Mutations in cell free DNA (cfDNA) or cells in the peripheral blood along with anemia or thrombocytopenia are the whole mark of myelodysplastic syndrome (MDS). The incidence of MDS is 3-4 per 100,000 per year but increases significantly above the age of 50 and it is at 30 per 100,000 per year in patients above the age of 70. The diagnosis of MDS is confirmed when mutations in hematopoietic cells are detected at relatively high levels (>40% of cells). However, mutations at low levels in few cells can be detected in normal individuals. In general, random somatic mutations occur in normal cells, but rarely these cells evolve into viable clone, but with aging, the possibility of a clone to accumulate increases. Clonal hematopoiesis of indeterminate potential (CHIP) is defined by the presence of low-level mutations in the peripheral blood in clinically normal individuals. CHIP is detected in 3-5% of normal individuals above the age of 50 and in approximately 10% of people aged 70 to 80. The most common mutation is on the DNMT3A gene, followed by TET2 and ASXL1. The rate of transformation to a hematological neoplasia is 0.5–1% per year. Clonal cytopenias of undetermined significance (CCUS) is defined by the presence of cytopenia (anemia, low platelets or white cells) along with low level mutations but does not meet World Health Organization (WHO)-defined criteria for MDS and the mutations are detected in <40% of cells. Approximately 25% to 65% of patients with cytopenia will have mutation in one or more genes. These patients with mutations have significantly higher probability of developing MDS or other hematopoietic neoplasms (AML, MPN, lymphoma,…) within 5 years. In addition, recent studies linked mutations in peripheral blood to cardiovascular disease (CVD). Recent data show that patients with CHIP have 4.0-times greater risk of myocardial infarction as compared to individuals without such clone. The prevalence of CHIP in patients with coronary artery disease is reported to be at 18.2%. In contrast, the prevalence of CHIP in centenarians is only at 2.5%. It has been shown that mutations in TET2 gene, which is one of the commonly mutated genes in CHIP, are pro-inflammatory and lead to the development of atherosclerotic plaques. Based on that it has been suggested that anti-inflammatory agents might slow the progression of cardiovascular disease in patients with low level mutations in peripheral blood. Therefore, testing the peripheral blood for the presence of mutations provides information for: Diagnosis of myelodysplastic syndrome (MDS). Detecting the presence of mutations in the presence of cytopenia and confirming the diagnosis of clonal cytopenias of undetermined (CCUS) Detecting the presence of CHIP to monitor the development of hematologic neoplasms, especially MDS Detecting CHIP and predicting increased risk of cardiovascular disease (CVD) Additional studies are needed to determine the clinical relevance of anti-inflammatory agents in reducing CVD or to determine the relationship between duration of the presence of CHIP or level of the mutated clone with progression of CVD or hematologic neoplasms. References: The shadowlands of MDS: idiopathic cytopenias of undetermined significance (ICUS) and clonal hematopoiesis of indeterminate potential (CHIP). Malcovati L, Cazzola M. Hematology Am Soc Hematol Educ Program. 2015;2015:299-307. doi: 10.1182/asheducation-2015.1.299. PMID: Clonal hematopoiesis of indeterminate potential and its distinction from myelodysplastic syndromes. Steensma DP, Bejar R, Jaiswal S, Lindsley RC, Sekeres MA, Hasserjian RP, Ebert BL. 2015 Jul 2;126(1):9-16. doi: 10.1182/blood-2015-03-631747. PMID: 25931582. Deep Sequencing of Cell-Free Peripheral Blood DNA as a Reliable Method for Confirming the Diagnosis of Myelodysplastic Syndrome. Albitar F, Ma W, Diep K, De Dios I, Agersborg S, Thangavelu M, Brodie S, Albitar M. Genet Test Mol Biomarkers. 2016 Jul;20(7):341-5. doi: 10.1089/gtmb.2015.0278. Epub 2016 Jun 1. Age-related clonal hematopoiesis associated with adverse outcomes. Jaiswal S1, Fontanillas P, Flannick J, Manning A, Grauman PV, Mar BG, Lindsley RC, Mermel CH, Burtt N, Chavez A, Higgins JM, Moltchanov V, Kuo FC, Kluk MJ, Henderson B, Kinnunen L, Koistinen HA, Ladenvall C, Getz G, Correa A, Banahan BF, Gabriel S, Kathiresan S, Stringham HM, McCarthy MI, Boehnke M, Tuomilehto J, Haiman C, Groop L, Atzmon G, Wilson JG, Neuberg D, Altshuler D, Ebert BL. N Engl J Med. 2014 Dec 25;371(26):2488-98. doi: 10.1056/NEJMoa1408617. Clonal Hematopoiesis and Its Impact on Cardiovascular Disease. Sano S, Wang Y, Walsh K. Circ J. 2018 Sep 4. doi: 10.1253/circj.CJ-18-0871. PMID: 30185689. Clinical Implications of Clonal Hematopoiesis. Steensma DP. Mayo Clin Proc. 2018 Aug;93(8):1122-1130. doi: 10.1016/j.mayocp.2018. PMID: 30078412. Myeloid cell contributions to cardiovascular health and disease. Nahrendorf M. Nat Med. 2018 Jun;24(6):711-720. doi: 10.1038/s41591-018-0064-0. PMID: 29867229. Atherosclerosis and clonal hematopoyesis: A new risk factor. Páramo Fernández JA. Clin Investig Arterioscler. 2018 May - Jun;30(3):133-136. doi: 10.1016/j.arteri.2018.03.001. Tet2-Mediated Clonal Hematopoiesis Accelerates Heart Failure Through a Mechanism Involving the IL-1β/NLRP3 Inflammasome. Sano S, Oshima K, Wang Y, MacLauchlan S, Katanasaka Y, Sano M, Zuriaga MA, Yoshiyama M, Goukassian D, Cooper MA, Fuster JJ, Walsh K. J Am Coll Cardiol. 2018 Feb 27;71(8):875-886. doi: 10.1016/j.jacc.2017.12.037. Somatic Mutations and Clonal Hematopoiesis: Unexpected Potential New Drivers of Age-Related Cardiovascular Disease. Fuster JJ, Walsh K. Circ Res. 2018 Feb 2;122(3):523-532. doi: 10.1161/CIRCRESAHA.117.312115. Clonal Hematopoiesis and Evolution to Hematopoietic Malignancies. Bowman RL, Busque L, Levine RL. Cell Stem Cell. 2018 Feb 1;22(2):157-170. doi: 10.1016/j.stem.2018.01.011. Risk and timing of cardiovascular death among patients with myelodysplastic syndromes. Brunner AM, Blonquist TM, Hobbs GS, Amrein PC, Neuberg DS, Steensma DP, Abel GA, Fathi AT. Blood Adv. 2017 Oct 18;1(23):2032-2040. doi: 10.1182/bloodadvances.2017010165. eCollection 2017 Oct 24. The maturation of a 'neural-hematopoietic' inflammatory axis in cardiovascular disease. Stiekema LCA, Schnitzler JG, Nahrendorf M, Stroes ESG. Curr Opin Lipidol. 2017 Dec;28(6):507-512. doi: 10.1097/MOL.0000000000000457. Clonal Hematopoiesis and Risk of Atherosclerotic Cardiovascular Disease. Jaiswal S, Natarajan P, Silver AJ, Gibson CJ, Bick AG, Shvartz E, McConkey M, Gupta N, Gabriel S, Ardissino D, Baber U, Mehran R, Fuster V, Danesh J, Frossard P, Saleheen D, Melander O, Sukhova GK, Neuberg D, Libby P, Kathiresan S, Ebert BL. N Engl J Med. 2017 Jul 13;377(2):111-121. doi: 10.1056/NEJMoa1701719. Clonal hematopoiesis associated with TET2 deficiency accelerates atherosclerosis development in mice. Fuster JJ, MacLauchlan S, Zuriaga MA, Polackal MN, Ostriker AC, Chakraborty R, Wu CL, Sano S, Muralidharan S, Rius C, Vuong J, Jacob S, Muralidhar V, Robertson AA, Cooper MA, Andrés V, Hirschi KK, Martin KA, Walsh K. 2017 Feb 24;355(6327):842-847. doi: 10.1126/science.aag1381. Clonal hematopoiesis. Jan M, Ebert BL, Jaiswal S. Semin Hematol. 2017 Jan;54(1):43-50. doi: 10.1053/j.seminhematol.2016.10.002. Epub 2016 Oct 20. Review. Clonal Hematopoiesis Associated With Adverse Outcomes After Autologous Stem-Cell Transplantation for Lymphoma. Gibson CJ, Lindsley RC, Tchekmedyian V, Mar BG, Shi J, Jaiswal S, Bosworth A, Francisco L, He J, Bansal A, Morgan EA, Lacasce AS, Freedman AS, Fisher DC, Jacobsen E, Armand P, Alyea EP, Koreth J, Ho V, Soiffer RJ, Antin JH, Ritz J, Nikiforow S, Forman SJ, Michor F, Neuberg D, Bhatia R, Bhatia S, Ebert BL. J Clin Oncol. 2017 May 10;35(14):1598-1605. doi: 10.1200/JCO.2016.71.6712.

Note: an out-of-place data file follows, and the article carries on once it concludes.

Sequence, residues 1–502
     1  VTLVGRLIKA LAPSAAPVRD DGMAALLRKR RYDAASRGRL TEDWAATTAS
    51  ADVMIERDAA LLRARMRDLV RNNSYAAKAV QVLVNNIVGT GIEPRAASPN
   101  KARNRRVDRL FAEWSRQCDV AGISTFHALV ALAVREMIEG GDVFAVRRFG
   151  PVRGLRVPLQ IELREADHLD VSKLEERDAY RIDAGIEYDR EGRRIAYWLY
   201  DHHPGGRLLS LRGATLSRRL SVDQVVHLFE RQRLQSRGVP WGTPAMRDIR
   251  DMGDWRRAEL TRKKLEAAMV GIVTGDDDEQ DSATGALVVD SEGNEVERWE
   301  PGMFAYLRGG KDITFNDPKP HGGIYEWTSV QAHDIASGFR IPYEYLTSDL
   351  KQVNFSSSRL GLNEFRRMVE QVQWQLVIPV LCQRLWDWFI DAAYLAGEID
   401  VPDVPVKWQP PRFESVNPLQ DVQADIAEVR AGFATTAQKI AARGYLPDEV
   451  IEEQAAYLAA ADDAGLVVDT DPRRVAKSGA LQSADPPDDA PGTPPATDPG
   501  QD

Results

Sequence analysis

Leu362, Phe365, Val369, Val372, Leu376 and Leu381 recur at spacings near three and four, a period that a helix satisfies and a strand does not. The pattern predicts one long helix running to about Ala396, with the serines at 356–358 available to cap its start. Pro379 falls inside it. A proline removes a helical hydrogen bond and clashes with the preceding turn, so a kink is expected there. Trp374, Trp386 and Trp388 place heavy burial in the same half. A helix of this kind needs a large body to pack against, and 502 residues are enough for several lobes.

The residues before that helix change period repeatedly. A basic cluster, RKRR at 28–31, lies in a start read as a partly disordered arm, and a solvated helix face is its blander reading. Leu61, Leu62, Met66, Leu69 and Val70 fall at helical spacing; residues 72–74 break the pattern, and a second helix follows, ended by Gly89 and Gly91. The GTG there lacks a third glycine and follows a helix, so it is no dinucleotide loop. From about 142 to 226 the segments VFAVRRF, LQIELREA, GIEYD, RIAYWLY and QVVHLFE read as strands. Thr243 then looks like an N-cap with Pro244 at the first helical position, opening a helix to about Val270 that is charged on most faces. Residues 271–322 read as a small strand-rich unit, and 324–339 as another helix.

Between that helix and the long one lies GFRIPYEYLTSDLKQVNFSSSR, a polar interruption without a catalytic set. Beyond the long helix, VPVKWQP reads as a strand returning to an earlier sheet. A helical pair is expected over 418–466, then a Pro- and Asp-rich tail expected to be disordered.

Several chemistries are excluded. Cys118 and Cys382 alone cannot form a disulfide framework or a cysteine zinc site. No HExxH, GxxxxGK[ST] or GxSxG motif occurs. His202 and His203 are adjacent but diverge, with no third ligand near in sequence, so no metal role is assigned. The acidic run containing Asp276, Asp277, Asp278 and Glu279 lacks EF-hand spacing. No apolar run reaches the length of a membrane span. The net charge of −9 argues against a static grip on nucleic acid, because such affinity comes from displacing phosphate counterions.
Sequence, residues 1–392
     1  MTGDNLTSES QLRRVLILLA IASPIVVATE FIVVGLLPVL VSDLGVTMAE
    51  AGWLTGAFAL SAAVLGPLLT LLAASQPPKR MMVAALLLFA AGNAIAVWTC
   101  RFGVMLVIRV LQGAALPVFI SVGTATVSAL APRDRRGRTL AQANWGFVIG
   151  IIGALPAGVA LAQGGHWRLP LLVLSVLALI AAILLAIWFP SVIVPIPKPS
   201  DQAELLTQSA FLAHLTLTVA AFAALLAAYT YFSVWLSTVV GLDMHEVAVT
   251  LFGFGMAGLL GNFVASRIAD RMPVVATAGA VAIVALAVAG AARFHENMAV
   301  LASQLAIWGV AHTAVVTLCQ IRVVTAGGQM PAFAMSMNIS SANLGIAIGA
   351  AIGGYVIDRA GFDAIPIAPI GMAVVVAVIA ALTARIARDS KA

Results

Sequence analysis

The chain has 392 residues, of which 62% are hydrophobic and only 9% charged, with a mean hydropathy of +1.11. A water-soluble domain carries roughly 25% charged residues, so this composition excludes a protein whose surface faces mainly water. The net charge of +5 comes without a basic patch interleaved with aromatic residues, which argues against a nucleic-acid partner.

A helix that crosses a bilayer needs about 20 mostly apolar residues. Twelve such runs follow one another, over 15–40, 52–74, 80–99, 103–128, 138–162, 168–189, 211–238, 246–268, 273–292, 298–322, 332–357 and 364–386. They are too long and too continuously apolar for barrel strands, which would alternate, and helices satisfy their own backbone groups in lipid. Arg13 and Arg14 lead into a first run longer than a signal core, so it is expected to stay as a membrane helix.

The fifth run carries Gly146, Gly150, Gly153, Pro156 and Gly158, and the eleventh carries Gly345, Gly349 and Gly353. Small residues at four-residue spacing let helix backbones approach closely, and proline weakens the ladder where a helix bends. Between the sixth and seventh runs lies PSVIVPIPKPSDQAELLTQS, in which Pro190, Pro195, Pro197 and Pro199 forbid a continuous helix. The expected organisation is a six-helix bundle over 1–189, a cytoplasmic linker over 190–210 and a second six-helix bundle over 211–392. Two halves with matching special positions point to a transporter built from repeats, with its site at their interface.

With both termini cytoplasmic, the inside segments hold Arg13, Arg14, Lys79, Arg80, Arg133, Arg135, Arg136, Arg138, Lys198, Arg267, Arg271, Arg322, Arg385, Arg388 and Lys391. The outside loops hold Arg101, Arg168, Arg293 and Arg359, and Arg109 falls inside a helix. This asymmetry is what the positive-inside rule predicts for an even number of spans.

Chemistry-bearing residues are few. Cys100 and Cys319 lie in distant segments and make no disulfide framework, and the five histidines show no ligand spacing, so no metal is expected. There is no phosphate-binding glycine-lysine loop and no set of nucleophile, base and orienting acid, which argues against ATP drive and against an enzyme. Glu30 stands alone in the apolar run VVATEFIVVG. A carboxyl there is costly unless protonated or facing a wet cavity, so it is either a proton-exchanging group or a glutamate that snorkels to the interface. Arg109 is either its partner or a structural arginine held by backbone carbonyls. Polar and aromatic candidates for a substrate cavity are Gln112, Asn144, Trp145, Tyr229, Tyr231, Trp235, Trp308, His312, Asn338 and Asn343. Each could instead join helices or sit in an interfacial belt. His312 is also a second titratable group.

Chronic Lymphocytic Leukemia Prognostic Indicator